The reasons that make French bulldogs likable and good pets also make them quite annoying. They’re playful and won’t spare any moment they get to make themselves the focus. They thrive on being the center of attention. It could be because they know that they’re cute. After all, they are adorable. As a result of their outstanding personalities and their craze to be the focus, it won’t be uncommon for you as the owner to experience some behavior you may term as unpleasant or undesirable while dealing with them. You may continually ask yourselves questions like “Do French Bulldogs have behavior problems?”
Well, yes, they do. But there are reasons for this. First and foremost, Frenchie’s are clingy. They prefer it when you’re around most of the time since they enjoy being around their masters. However, if you’re away for far too long, perhaps because you have a fulltime job that compels you to leave your pet home, the prolonged loneliness takes a toll on the Frenchies.
As such, they may fall into depression or have a bad temperament that makes it hard for you to get along with them. This is one of the behavior problems that your French bulldog is likely to exhibit. Secondly, if your adult Frenchie was poorly trained, it’ll exhibit behavior problems. In this article, we delve deep into this topic by providing a detailed overview of their behavior problems, their causes, and what you can do to avoid them.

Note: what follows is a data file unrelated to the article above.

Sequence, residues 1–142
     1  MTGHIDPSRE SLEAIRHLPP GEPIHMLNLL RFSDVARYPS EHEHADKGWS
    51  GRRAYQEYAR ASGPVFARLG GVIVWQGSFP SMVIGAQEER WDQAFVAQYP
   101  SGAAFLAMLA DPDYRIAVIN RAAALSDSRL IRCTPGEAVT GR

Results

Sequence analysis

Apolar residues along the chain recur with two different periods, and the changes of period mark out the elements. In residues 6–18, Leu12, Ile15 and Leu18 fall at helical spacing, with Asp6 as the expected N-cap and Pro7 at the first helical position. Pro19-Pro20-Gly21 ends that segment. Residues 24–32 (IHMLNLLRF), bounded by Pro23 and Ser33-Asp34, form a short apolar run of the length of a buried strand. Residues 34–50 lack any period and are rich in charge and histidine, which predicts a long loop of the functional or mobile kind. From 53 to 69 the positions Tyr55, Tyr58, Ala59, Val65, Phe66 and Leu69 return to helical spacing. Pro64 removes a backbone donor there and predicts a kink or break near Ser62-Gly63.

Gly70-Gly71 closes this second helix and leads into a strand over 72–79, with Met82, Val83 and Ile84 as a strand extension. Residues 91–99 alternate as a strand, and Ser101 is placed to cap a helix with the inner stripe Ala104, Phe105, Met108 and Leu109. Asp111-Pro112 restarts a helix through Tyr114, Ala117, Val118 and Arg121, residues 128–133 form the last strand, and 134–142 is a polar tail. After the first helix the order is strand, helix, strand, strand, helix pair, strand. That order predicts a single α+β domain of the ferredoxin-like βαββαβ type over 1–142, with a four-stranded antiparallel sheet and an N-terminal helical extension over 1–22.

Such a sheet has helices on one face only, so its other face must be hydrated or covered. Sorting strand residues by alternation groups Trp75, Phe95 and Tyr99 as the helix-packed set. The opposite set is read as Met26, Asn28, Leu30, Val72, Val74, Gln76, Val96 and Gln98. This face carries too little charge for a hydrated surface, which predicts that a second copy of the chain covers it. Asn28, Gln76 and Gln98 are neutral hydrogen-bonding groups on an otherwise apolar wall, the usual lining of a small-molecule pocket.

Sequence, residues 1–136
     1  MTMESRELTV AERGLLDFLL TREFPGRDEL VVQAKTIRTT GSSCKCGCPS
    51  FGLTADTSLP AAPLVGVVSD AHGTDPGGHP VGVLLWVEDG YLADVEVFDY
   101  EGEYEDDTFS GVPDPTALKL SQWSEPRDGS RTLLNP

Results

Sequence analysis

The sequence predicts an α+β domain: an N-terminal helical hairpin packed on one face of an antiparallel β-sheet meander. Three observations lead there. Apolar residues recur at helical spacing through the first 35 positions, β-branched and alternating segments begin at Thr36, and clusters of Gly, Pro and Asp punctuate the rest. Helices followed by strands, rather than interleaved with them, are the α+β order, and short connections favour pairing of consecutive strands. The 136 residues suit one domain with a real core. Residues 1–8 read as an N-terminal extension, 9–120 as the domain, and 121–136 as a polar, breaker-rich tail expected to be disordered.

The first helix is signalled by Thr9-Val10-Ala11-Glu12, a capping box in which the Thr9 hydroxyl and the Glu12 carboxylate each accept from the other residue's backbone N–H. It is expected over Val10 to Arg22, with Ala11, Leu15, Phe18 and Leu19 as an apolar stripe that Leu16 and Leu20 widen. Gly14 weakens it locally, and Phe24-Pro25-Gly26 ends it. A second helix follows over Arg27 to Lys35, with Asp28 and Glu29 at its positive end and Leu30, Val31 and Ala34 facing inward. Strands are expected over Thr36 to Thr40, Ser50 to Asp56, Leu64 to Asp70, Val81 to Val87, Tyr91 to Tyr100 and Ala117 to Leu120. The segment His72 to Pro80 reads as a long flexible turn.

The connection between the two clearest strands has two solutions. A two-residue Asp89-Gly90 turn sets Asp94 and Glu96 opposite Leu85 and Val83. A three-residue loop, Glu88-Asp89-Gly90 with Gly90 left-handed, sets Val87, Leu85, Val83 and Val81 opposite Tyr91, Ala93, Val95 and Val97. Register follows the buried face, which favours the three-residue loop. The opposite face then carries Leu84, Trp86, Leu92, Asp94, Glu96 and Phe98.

French Bulldog Temperament
A Frenchie’s temperament and personality during its adult life depend on a myriad of factors. These include:
- Genetics (since their parents’ personalities and temperament play a part)
- Amount of training they received while growing up.
It’s worth noting that everything a puppy experiences shapes how it’ll behave during adulthood. You should know that as puppies, Frenchies are incredibly energetic and curious, characteristics that are likely to get them into trouble. This enthusiasm ultimately reduces as they grow older.
Nonetheless, besides age, the factors above greatly dictate whether Frenchies will be mischievous, aggressive, barky, or withdrawn as adults. If well-trained and raised in a favorable environment, they’ll be well-mannered, somewhat obedient, and charismatic. These traits are bound to make them even more adorable.
They’ll also enjoy being the center of attention and won’t exhibit any hostility towards other pets. Additionally, they’ll always look for opportunities to be around you by either laying at your fit or sleeping on your laps. But they won’t be obsessive while at it.
The inverse is true if the factors above aren’t favorable. For instance, if while growing up, you don’t accord them the attention they desire, they won’t feel the love. Frenchies love to feel loved and cared for even while young. When these requirements lack, they’ll likely become unfriendly and reclusive. You should, therefore, be cognizant of the need to strike a balance between your personal needs and your French bulldog’s needs.